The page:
September 13, 2010
Tick-Tock: Rods help set internal clocks, Hopkins biologist says
We run our modern lives largely by the clock, from the alarms that startle us out of our slumbers and herald each new workday to the watches and clocks that remind us when it’s time for meals, after-school pickup and the like.
In addition to those ubiquitous timekeepers, though, we have internal “clocks” that are part of our biological machinery and help set our circadian rhythms, regulating everything from our sleep-wake cycles to our appetites and hormone levels. Light coming into our brains by way of our eyes sets those clocks, though no one is sure exactly how this happens.
A Johns Hopkins biologist, however, in collaboration with scientists at the University of Southern California and Cornell University, has unlocked part of that mystery recently in a study that found that rod cells—one of three kinds of exquisitely photosensitive cells found in the retina of the eye—are the only ones responsible for “setting” those clocks in low light conditions. What’s more, the study found that rods—which take their name from their cylindrical shape—also contribute (along with cones and other retinal cells) to setting internal clocks in bright light conditions. The study appeared in a recent issue of Nature Neuroscience.
These findings are surprising for several reasons, according to study leader Samer Hattar, an assistant professor of biology in the Krieger School of Arts and Sciences.
“One is that it had previously been thought that circadian rhythms could only be set at relatively bright light intensities, and that didn’t turn out to be the case,” he said. “And two, we knew going in that rods ‘bleach’ or become ineffective when exposed to very bright light, so it was thought that rods couldn’t be involved in setting our clocks at all in intense light. But they are.”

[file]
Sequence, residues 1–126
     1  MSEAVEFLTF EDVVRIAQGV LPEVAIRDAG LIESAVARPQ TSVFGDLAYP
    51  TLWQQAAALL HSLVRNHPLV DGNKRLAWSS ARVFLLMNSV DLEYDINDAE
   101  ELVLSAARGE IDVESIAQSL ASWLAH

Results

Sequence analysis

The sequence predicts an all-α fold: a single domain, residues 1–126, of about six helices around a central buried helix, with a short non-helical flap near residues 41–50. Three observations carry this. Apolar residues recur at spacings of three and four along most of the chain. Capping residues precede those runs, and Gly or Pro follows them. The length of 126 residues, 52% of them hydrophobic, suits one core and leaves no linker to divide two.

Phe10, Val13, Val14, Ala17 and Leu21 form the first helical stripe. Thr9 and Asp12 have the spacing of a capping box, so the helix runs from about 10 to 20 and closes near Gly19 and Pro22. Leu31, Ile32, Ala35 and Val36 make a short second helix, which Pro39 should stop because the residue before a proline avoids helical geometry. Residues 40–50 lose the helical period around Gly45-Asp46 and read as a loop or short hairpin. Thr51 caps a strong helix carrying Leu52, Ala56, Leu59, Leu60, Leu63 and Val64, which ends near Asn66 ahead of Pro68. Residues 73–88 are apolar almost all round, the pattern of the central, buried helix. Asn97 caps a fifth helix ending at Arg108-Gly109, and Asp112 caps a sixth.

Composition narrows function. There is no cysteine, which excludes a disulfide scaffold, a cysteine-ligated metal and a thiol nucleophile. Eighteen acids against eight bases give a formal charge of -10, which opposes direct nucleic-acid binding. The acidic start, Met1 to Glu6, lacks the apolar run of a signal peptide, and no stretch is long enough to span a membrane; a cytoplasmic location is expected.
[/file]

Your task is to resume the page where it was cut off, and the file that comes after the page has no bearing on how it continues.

In the study, Hattar’s team used a group of mice that were genetically modified to have only rod photoreceptors, meaning that their cones and intrinsically photosensitive retinal ganglion cells—both of them light-sensitive cells in the animals’ retinas—were not functional. The team then exposed the rodents to varying intensities of light, measuring the animals’ responding level of activity by how often they ran on hamster wheels.
The study results are important because they indicate that prolonged exposure to dim or low light at night (such as that in homes and office buildings) can influence mammals’ biological clocks and “throw off” their sleep-wake cycles. Hattar suggested that one way people can mitigate this effect is by making sure to get some exposure to bright daylight every day.
In addition, the study has possible implications for older people being cared for in nursing homes and hospitals, he said.
“Older adults often lose their rod cells to age, which means that their caretakers would be well-advised to regularly and deliberately expose them to bright natural daylight in order to make sure that their natural biological rhythms remain in sync so their sleep-wake cycles remain accurately set,” Hattar said. “Otherwise, they could have sleep disturbances, such as intermittent waking or difficulty falling asleep, not to mention the impact on their appetite and other bodily functions.”
Hattar’s study was funded by the National Institute of General Medical Sciences.